ALL MATERIAL: COPYRIGHT CALIFORNIA EUROPEAN CULTURAL INSTITUTE/MEMORY PROJECT
George Springer was born in 1933 in Budapest, Hungary. He attended Berzsenyi High School and graduated at the top of his class. He was in his fifth and final year at the Budapest Technical University of Technology when the Hungarian revolution broke out in 1956. He attended the all-university meeting on the evening of the 22nd when student leaders presented 16 demands for change and declared that Hungary must be free of the Soviet Union. The following day, together with the students of the university, Springer marched to the Bem statue and the Parliament, listening to the speeches and feeling optimistic about Hungary’s future. As he lived near the Parliament, he went home on the night of the 23rd and was not at the demonstration in front of Hungarian Radio when the first shots were fired. He stayed home until the 25th, but later went back out to find food for his family and was once again witness to the events of the revolution.
He knew that because of his involvement in the demonstrations that he would have a difficult time finding a teaching position after the revolution was crushed. After much deliberation and not wanting to leave Hungary just as he was about to receive his diploma, like many of his fellow students, he felt compelled to escape in December of 1956. He ended up in Sydney, Australia without any English skills and was forced to redo a number of his university courses, losing years in the process. Still, he graduated at the top of his class in 1960 in mechanical engineering. From there he went to the U.S. with a scholarship to Yale University where he received both his MA and PhD. He taught and conducted research at MIT and then became a professor at the University of Michigan. From there he was called to teach at Stanford University in California where he took over from a fellow Hungarian, Miklos Hoff, to lead the Aviation and Space Flight Science department at Stanford.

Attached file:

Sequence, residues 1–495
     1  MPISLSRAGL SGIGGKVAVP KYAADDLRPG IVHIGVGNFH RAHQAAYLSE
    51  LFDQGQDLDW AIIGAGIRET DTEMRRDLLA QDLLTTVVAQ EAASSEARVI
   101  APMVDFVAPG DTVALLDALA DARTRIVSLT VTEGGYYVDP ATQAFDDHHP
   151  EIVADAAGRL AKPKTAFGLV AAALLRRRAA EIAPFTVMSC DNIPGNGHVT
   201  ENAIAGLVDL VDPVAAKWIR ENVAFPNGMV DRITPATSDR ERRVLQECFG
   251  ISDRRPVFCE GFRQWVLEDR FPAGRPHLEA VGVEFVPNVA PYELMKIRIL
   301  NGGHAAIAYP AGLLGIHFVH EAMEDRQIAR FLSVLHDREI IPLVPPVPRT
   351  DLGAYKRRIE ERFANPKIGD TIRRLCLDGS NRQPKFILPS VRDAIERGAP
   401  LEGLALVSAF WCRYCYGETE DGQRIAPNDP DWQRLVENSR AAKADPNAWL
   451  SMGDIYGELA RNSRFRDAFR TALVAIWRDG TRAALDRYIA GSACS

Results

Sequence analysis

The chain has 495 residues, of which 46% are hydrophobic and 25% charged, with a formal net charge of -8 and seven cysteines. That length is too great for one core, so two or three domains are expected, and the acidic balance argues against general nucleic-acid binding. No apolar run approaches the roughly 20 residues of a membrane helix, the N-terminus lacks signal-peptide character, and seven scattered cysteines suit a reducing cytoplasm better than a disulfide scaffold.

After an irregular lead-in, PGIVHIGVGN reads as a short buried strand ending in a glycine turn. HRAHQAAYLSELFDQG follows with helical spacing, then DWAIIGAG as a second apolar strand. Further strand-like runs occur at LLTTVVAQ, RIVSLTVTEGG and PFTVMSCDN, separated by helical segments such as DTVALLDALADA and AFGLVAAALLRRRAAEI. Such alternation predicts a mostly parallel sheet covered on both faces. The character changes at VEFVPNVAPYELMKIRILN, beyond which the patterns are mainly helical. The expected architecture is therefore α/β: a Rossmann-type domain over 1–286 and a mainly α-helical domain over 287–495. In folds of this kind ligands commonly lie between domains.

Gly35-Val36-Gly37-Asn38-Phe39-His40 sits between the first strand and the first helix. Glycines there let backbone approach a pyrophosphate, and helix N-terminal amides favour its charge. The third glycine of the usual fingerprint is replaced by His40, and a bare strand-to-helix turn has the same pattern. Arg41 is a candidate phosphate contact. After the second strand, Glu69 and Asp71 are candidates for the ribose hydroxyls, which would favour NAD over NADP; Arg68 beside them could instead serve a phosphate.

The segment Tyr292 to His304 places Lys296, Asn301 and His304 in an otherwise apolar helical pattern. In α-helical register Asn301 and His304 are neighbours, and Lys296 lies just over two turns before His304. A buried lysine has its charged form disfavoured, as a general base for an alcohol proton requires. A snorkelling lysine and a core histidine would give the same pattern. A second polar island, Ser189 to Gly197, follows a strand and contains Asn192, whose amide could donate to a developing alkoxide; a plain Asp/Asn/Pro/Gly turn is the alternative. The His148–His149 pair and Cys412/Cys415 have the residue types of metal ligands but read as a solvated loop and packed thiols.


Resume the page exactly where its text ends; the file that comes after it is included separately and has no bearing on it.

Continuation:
Springer became well-known as a professor for his approachability, sense of humor and his ability to teach complex material in an understandable fashion. Of his many areas of research perhaps he is best-known for his work on composite materials. His expertise on composites made him a highly sought-after consultant in many areas including space aviation. He was a scientific consultant for NASA (specifically the composite materials used in the Space Shuttles) as well as a consultant for golf-club manufacturers and competitive sailing companies. Throughout the years, he has been in touch with the Hungarian scientific community and still mentors Hungarian PhD students in his field. He lives in active retirement on the Stanford University campus. He and his wife (a non-Hungarian mathematician whose father won a Nobel Prize for his work in plastics) have two grown children.